Germany in November: four degrees, drizzle, and the threat of ground frost. Then comes the invitation to travel to Portugal to test-drive the new Cayenne GTS: sun, a good hotel and a 405HP SUV. A lonely beach as a backdrop for the photography – followed, perhaps, by a swim.
Bags swiftly packed and soon we’re in Portugal. There are a great many Porsches in the car park but only one which flashes when the remote key is used – and it’s the Cayenne in NATO olive green. Buckle up, fire the engine, and we’re away, with 405HP at 6500rpm and 500Nm at 3500rpm, coursing through the six-speed gearbox. With the windows open I can hear the 4.8 litres of V8 burbling, responding immediately to the throttle. Our route to the motorway offers only a few chances to test the Cayenne GTS, only the two roundabouts giving any idea of what’s to come. Despite almost unchanged speed, and despite its height of 167cm and a weight of 2.2 tons, the Porsche skirts the roundabout in a completely neutral stance.
The GTS surges onto the motorway, the only disappointment being the Portuguese speed limit of 120km/h – a speed we could reach in less than seven seconds, if we tried (0 to 100km/h takes just 6.1 seconds). But alas, the local radar speed-traps are well known and merciless. After leaving the motorway we begin our cross-country journey.
The quicker the GTS goes, the better it feels, the uncompromising sportiness meaning firmer suspension but a nevertheless supple ride – and the sports seats provide excellent support for the driver. At road speeds, the firm suspension means that body roll is virtually non-existent, while the brakes are powerful yet satisfyingly progressive.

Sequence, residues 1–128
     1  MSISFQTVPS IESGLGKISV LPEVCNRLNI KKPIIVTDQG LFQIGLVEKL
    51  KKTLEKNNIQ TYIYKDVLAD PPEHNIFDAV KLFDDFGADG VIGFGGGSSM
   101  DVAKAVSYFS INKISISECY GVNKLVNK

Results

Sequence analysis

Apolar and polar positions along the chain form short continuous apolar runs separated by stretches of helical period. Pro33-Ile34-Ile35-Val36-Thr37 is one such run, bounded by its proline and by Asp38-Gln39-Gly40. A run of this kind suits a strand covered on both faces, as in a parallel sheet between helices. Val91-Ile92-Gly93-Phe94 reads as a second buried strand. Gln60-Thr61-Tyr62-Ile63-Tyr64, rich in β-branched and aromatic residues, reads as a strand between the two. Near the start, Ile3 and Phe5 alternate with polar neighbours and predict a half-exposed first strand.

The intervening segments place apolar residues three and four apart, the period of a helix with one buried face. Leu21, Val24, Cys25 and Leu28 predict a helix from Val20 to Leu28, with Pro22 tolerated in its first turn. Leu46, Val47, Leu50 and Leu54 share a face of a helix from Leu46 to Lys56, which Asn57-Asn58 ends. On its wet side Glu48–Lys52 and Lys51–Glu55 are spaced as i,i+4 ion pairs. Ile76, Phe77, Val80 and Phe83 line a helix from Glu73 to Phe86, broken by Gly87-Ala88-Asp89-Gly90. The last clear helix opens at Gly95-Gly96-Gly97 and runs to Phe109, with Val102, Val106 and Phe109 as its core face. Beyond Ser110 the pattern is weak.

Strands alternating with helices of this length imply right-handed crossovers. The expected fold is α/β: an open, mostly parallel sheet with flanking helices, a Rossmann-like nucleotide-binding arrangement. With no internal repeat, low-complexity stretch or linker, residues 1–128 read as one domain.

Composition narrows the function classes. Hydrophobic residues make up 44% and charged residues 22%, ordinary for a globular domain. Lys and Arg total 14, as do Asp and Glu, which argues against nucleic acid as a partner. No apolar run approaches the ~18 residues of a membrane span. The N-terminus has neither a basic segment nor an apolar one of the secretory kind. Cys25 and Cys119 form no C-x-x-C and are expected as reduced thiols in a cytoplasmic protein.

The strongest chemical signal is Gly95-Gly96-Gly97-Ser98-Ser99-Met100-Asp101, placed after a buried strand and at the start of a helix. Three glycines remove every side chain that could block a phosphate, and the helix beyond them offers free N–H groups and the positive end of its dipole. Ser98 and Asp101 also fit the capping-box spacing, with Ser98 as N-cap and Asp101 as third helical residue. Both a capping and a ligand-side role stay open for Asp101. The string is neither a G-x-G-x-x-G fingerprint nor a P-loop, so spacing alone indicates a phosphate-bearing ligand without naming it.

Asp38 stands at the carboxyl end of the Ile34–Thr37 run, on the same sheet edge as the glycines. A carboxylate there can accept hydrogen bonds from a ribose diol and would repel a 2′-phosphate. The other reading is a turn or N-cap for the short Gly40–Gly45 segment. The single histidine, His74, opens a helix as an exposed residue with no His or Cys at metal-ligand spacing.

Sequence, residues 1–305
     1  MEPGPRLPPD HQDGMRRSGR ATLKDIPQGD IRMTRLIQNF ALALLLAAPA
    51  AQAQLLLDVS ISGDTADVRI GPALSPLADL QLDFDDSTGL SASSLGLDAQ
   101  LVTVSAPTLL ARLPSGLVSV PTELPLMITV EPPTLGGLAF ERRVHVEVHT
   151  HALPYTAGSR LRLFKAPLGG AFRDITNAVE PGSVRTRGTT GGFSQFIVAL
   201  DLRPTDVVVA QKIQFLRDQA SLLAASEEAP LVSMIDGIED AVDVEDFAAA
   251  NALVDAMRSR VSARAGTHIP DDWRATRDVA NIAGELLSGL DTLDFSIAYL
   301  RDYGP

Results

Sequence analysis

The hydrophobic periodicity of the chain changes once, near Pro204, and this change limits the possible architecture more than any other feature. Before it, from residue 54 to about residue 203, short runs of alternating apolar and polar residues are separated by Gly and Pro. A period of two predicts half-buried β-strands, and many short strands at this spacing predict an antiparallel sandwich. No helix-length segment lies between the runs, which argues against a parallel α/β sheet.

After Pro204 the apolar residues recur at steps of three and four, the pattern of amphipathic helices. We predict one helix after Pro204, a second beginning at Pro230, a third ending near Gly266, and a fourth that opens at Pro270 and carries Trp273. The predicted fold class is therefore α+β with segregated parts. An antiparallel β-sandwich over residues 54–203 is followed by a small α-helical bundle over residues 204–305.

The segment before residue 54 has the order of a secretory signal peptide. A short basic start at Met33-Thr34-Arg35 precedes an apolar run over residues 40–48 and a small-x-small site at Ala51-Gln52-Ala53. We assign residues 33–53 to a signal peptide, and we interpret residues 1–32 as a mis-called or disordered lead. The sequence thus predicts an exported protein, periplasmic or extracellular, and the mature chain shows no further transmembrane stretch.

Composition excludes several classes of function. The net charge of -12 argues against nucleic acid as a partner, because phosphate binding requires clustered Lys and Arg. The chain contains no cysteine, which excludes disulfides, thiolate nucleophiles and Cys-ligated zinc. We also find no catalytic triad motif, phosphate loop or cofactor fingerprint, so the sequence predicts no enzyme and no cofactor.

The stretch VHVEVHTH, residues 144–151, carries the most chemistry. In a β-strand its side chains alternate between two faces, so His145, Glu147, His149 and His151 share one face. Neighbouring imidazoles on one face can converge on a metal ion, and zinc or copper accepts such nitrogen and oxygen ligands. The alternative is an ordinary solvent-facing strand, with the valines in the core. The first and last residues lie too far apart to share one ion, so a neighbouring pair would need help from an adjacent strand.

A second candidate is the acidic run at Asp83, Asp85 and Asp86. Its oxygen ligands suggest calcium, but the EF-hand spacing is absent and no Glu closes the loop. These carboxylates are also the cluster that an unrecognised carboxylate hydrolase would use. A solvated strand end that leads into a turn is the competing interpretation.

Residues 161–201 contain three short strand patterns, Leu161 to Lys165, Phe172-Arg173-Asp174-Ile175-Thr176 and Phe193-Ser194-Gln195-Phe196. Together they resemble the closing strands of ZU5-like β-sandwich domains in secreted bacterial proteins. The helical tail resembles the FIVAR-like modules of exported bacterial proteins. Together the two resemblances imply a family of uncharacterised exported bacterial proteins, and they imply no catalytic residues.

Accelerating away from the curves is a delightful game: as the rev-counter reaches 5000rpm, the Cayenne GTS is catapulted forward as though pulled by an invisible rubber band towards the next bend in the road. Only when the revs drop below 3000 does one feel that power is sometimes lacking.
As we reach the end of our motorway journey, it’s clear that a rapid driving style takes its toll on the fuel tank. The onboard computer shows an average consumption of approximately 18.5 litres per 100km – that’s around 15mpg. We climb the steep gradient along the sea shore – and even traverse the beach itself, without fear of being stranded, thanks to the Cayenne’s four-wheel drive.
As I bob around in the 23-degree water, I muse: 76,725 euros if I bought one in Germany, inclusive of VAT. Hmmm. I wonder if my bank manager can be convinced...
Text: Sven Jürisch
Photos: Markus Leser
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